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SUMMARY DATA

RAW DATA

TRANSFORMING

LOADING

Provide Order Flow Data

PROVIDERS

Provide Order

Flow Data

PROVIDERS

A1. Data Analysis : Order Flow Analysis

Opix Algo analyses the market microstructure by the order flow to obtain data of volume distribution and limit orders to determine the demand/supply-range of market makers. Makers’ order flows is highly informative and have the strongest predictive power for exchange rates and likely reflects key fundamental information. Their order flow has permanent forecasting power, whereas order flows originating from the other groups only predict transitory changes in exchange rates. These data can be transmitted to predict high volume areas to facilitate price discovery and develop reliable yield curves.

We believe that order flow is a valid proxy variable for private information and is often used in our research in the forex, equities, bonds and futures markets. Order flow analysis allows us to read the data below:

- Large executed orders
- Footprint patterns
- Volume & delta
- VPOC
- Limit orders waiting to be executed

A2. Data Analysis : Market Depth Analysis

A key function of Opix Algo is to reduce the FX market’s opaqueness by taking information from the market data from trading venues and creating an aggregated picture of prevailing market conditions that informs execution decisions. This aggregated view also referred to as the aggregate order book, provide estimates on transaction volumes in near real-time.

The main aim of this analysis is to reduce market impact, decrease slippage and to predict future price movements based on the transaction data (price, size and direction) for real-time decision making of minimize execution cost.

B1. Algorithm: Linear Regression Algorithm

Opix Algo predicts asset price changes based on the changes in microstructure by using linear regression models. It makes these predictions by first finding a set of coefficients which best fit the training data, in which the best fit is determined by minimizing a certain cost function. After it has found the coefficients of (β), it makes the predictions by multiplying the coefficients with the input variables for a given asset. The data inputs are but not limited to, asset prices, trading volume, technical indicators, limit order book, order size and time frame.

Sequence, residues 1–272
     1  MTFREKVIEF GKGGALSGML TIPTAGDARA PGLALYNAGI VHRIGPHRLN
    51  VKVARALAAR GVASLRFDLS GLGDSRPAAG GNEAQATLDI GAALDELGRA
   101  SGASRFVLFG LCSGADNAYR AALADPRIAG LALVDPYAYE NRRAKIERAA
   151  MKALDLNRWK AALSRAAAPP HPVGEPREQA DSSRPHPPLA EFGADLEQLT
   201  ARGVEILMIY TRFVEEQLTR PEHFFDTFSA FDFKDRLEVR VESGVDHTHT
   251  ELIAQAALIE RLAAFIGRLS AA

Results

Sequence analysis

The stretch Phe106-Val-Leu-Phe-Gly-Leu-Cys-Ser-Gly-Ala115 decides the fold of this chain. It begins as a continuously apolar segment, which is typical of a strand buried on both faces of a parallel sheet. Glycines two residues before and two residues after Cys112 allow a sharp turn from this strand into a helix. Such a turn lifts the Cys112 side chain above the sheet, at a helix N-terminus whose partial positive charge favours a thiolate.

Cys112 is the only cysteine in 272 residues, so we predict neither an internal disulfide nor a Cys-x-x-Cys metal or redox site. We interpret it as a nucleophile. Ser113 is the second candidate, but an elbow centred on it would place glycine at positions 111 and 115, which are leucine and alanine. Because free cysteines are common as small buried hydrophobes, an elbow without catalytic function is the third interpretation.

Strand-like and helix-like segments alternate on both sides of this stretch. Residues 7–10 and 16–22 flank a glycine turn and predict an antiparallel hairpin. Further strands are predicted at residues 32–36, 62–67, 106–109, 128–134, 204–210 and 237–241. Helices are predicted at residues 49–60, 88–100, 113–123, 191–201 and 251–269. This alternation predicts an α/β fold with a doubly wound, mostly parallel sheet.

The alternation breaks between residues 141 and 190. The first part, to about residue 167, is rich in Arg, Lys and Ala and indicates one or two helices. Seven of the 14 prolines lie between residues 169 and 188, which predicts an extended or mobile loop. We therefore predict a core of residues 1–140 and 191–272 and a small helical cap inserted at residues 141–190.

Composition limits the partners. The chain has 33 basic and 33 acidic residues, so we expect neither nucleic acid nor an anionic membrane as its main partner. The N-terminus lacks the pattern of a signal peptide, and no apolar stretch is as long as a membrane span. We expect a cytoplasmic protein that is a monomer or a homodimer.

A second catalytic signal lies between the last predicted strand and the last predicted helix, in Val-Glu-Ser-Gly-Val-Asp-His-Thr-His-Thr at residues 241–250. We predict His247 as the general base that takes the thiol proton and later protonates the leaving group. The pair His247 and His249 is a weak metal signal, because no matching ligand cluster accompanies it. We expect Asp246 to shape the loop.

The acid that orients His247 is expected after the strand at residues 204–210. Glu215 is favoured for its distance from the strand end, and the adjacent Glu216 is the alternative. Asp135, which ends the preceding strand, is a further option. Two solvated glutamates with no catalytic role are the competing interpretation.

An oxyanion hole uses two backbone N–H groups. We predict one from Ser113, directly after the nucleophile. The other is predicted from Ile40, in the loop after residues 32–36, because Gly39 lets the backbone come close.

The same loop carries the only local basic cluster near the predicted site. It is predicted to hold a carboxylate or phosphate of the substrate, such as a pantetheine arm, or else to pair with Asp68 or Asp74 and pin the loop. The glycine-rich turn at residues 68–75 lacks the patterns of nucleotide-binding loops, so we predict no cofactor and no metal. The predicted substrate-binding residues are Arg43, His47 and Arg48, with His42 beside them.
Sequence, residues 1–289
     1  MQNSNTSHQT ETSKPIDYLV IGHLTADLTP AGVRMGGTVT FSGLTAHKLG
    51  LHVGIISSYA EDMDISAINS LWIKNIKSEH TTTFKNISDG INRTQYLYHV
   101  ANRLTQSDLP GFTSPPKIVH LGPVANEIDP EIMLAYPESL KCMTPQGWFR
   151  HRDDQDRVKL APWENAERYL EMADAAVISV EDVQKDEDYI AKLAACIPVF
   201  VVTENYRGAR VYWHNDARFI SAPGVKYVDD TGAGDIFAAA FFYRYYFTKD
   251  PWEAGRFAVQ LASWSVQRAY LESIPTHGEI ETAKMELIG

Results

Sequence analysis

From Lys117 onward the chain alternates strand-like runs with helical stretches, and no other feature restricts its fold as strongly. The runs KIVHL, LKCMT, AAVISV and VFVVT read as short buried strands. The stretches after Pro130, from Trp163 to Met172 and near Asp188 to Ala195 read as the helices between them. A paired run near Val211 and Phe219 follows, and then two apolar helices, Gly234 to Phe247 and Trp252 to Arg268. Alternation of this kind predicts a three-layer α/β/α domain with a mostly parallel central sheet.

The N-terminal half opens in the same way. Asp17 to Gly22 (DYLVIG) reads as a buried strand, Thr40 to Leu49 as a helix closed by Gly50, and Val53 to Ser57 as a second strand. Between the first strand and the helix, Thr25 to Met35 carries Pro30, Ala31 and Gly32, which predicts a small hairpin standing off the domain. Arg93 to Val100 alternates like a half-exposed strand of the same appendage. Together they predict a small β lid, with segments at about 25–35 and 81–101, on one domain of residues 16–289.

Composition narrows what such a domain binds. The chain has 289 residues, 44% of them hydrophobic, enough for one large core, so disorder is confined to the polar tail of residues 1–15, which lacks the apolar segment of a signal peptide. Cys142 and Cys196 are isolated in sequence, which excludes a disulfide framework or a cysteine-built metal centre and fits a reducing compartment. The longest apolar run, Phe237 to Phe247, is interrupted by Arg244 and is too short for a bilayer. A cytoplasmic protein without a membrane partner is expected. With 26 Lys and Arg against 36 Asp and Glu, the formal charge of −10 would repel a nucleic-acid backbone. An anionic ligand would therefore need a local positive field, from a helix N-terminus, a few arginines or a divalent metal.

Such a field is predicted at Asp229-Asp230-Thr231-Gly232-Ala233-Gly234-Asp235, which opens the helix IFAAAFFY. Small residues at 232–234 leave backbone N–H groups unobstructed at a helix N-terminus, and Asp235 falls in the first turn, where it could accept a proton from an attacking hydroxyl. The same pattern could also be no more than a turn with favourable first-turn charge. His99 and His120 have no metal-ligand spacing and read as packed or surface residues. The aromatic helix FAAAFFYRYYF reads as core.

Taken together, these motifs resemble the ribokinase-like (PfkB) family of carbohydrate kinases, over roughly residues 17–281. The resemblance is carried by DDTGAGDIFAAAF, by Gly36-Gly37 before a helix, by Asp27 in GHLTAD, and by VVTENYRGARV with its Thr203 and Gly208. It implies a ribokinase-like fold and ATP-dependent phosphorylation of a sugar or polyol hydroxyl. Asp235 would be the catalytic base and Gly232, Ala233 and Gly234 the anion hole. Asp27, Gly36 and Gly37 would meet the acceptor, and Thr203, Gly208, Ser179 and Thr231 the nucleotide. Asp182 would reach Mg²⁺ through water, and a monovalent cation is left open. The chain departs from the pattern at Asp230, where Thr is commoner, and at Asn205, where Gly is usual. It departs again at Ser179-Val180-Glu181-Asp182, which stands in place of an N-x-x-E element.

B2. Algorithm: Artificial Neural Network (ANN)

Artificial neural networks-based decisions are developed for bidding strategies, risk management, analysing patterns and prediction of performance. The ANN has the ability to learn and generate its own knowledge from data inputs such as orderbooks, bid-ask prices, order flows which try to predict the assets price changes by giving a solution. In time-series problems, the ANN is required to build a forecasting model from the historical data set to predict future data points. In short, ANN model is sufficient to gain insight into the directional change of the market by classifying the demand and supply patterns.

Supply Group

B3. Algorithm: Dynamic Time Warping Algorithm

The dynamic time warping (DTW) algorithm is an efficient method to match patterns inside a trading system. DTW is a time-series alignment algorithm for measuring two sequences of vector values by warping the distance until an optimal match between the sequences is found. Opix Algo implements DTW to automate matching and determination of the trading position at the predicted price range.

Experiment | Dataset | Accuracy Rate |

1 | AUD - USD 2019 (Jan - August) | 70% |

2 | EUR - USD 2019 (Jan - August) | 72% |

C. Opix Algo: Structure of Learning and Training Stage

D. Opix Algo: Performance Metrics

The results are reported with different filter values. Opix Algo breaks the results down into different trading performance metrics as follows:

Percentage of Correct Trades to Perfect Foresight = [ Σ Correct Trades / Σ Trades ] x 100

check on market orders before they are sent to the markets. They allow for automatically blocking or cancelling orders as soon as trades occur outside defined price thresholds, surpass a maximum size, or post and excess number of orders automatically.

allow users or providers to adjust execution parameters during an execution, often when market conditions change, or the algorithm behaves in an undesirable or unexpected way. This is important, for example, in instances of particularly low liquidity when market makers could dominate trading volume or stop trading altogether.

involve continued monitoring of intraday market and carrying trades with counterparties when limits are breached. Algorithms identify errors and potential issues, analysing the particular scenarios and improve execution strategies and risk controls.

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